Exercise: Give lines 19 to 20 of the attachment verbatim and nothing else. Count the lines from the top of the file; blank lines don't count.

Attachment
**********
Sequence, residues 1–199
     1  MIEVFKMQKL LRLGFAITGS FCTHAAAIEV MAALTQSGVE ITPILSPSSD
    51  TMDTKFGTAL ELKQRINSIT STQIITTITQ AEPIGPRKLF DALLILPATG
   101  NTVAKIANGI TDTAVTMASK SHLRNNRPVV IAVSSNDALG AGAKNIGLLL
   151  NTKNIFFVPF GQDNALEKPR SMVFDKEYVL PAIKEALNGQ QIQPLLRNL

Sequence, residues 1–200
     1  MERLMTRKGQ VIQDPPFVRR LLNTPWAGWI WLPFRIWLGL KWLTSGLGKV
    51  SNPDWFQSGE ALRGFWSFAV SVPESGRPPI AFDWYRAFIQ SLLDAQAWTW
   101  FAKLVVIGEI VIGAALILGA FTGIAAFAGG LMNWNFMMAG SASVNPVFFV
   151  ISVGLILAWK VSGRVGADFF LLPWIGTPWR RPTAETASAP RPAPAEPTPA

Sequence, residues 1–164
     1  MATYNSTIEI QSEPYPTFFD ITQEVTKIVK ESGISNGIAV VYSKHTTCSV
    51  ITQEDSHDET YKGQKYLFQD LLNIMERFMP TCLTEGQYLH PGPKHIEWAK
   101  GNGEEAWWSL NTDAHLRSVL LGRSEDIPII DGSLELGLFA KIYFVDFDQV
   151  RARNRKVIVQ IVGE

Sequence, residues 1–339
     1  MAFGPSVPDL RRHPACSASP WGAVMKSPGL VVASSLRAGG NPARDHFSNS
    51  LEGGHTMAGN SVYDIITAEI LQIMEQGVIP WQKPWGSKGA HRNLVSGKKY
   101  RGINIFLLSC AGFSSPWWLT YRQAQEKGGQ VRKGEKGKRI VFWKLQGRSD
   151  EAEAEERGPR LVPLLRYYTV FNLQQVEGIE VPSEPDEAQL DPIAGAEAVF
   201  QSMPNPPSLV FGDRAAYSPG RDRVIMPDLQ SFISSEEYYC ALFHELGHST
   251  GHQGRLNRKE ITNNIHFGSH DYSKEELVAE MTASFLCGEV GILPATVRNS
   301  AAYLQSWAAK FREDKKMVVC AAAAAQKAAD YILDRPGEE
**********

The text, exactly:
   101  RGINIFLLSC AGFSSPWWLT YRQAQEKGGQ VRKGEKGKRI VFWKLQGRSD
   151  EAEAEERGPR LVPLLRYYTV FNLQQVEGIE VPSEPDEAQL DPIAGAEAVF